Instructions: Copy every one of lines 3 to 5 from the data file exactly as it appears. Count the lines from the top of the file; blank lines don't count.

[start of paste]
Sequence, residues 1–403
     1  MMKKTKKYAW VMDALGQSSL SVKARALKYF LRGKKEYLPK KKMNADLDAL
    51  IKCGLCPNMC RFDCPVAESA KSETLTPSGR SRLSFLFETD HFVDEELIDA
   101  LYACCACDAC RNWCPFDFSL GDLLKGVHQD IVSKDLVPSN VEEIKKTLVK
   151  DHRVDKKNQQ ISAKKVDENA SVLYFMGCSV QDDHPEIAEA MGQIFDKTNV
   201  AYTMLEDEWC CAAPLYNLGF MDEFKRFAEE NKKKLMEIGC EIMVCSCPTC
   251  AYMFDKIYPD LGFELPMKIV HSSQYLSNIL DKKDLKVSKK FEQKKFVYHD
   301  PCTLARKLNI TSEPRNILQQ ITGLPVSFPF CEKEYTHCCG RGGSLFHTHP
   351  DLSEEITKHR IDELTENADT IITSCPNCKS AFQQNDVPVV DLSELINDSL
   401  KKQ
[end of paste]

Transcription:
    51  IKCGLCPNMC RFDCPVAESA KSETLTPSGR SRLSFLFETD HFVDEELIDA
   101  LYACCACDAC RNWCPFDFSL GDLLKGVHQD IVSKDLVPSN VEEIKKTLVK
   151  DHRVDKKNQQ ISAKKVDENA SVLYFMGCSV QDDHPEIAEA MGQIFDKTNV